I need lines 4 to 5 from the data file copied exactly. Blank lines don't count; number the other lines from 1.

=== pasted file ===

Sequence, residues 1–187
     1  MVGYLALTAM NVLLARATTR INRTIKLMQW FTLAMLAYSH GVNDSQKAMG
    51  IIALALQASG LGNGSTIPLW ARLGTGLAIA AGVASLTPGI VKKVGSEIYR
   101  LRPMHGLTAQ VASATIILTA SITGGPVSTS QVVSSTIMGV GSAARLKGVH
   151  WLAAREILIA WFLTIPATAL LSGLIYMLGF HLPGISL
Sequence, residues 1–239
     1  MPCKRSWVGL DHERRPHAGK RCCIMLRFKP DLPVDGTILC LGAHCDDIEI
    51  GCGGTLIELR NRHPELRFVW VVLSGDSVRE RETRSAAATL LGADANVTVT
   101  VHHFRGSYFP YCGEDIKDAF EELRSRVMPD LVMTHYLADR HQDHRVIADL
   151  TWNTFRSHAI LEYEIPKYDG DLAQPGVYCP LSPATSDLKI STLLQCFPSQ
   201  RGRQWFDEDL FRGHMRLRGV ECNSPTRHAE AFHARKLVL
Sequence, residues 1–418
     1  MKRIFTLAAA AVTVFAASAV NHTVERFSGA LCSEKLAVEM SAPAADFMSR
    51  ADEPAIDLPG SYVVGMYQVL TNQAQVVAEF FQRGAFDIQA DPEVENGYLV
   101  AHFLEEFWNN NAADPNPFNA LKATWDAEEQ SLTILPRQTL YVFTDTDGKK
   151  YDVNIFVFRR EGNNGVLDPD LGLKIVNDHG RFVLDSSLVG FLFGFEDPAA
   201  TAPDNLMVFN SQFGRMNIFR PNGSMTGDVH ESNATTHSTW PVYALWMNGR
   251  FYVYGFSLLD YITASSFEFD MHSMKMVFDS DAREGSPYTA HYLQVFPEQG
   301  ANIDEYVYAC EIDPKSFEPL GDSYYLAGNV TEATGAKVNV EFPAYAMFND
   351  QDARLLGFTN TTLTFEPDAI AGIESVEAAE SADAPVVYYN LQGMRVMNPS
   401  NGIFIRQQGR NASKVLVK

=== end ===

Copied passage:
   101  LRPMHGLTAQ VASATIILTA SITGGPVSTS QVVSSTIMGV GSAARLKGVH
   151  WLAAREILIA WFLTIPATAL LSGLIYMLGF HLPGISL